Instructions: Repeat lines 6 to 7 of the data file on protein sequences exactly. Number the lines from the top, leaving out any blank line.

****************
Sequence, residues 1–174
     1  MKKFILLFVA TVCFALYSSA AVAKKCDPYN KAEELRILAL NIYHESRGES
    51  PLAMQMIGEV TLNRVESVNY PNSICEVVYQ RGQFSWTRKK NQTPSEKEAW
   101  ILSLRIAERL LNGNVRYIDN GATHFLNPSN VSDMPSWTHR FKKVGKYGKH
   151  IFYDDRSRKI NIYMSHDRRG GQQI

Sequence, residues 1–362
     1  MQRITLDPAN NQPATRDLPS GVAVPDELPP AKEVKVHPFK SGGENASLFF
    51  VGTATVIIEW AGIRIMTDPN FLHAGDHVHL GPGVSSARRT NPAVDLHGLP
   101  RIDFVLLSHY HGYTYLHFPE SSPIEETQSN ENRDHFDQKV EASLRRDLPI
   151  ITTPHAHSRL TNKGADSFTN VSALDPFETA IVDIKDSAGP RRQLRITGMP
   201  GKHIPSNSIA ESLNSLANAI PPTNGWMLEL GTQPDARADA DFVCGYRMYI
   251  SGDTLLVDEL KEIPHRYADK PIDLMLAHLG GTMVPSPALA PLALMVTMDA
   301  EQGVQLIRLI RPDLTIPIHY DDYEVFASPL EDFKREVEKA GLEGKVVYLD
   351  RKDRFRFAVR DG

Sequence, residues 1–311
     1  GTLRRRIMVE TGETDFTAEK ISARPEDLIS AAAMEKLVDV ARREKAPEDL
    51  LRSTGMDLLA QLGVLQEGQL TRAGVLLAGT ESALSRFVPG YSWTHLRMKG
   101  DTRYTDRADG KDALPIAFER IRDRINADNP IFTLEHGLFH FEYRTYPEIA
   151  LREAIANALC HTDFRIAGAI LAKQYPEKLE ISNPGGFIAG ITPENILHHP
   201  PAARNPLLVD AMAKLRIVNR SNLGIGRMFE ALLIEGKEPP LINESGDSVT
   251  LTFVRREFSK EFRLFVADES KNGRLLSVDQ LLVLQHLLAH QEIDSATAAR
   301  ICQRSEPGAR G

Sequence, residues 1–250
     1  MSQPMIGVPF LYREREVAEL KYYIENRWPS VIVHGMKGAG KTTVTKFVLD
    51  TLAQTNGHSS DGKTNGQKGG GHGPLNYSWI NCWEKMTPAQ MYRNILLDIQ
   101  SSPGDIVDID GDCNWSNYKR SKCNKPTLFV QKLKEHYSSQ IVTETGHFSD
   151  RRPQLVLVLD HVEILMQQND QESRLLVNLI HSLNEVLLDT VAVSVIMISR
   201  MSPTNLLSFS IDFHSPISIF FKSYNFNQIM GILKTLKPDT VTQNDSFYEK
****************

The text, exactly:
Sequence, residues 1–362
     1  MQRITLDPAN NQPATRDLPS GVAVPDELPP AKEVKVHPFK SGGENASLFF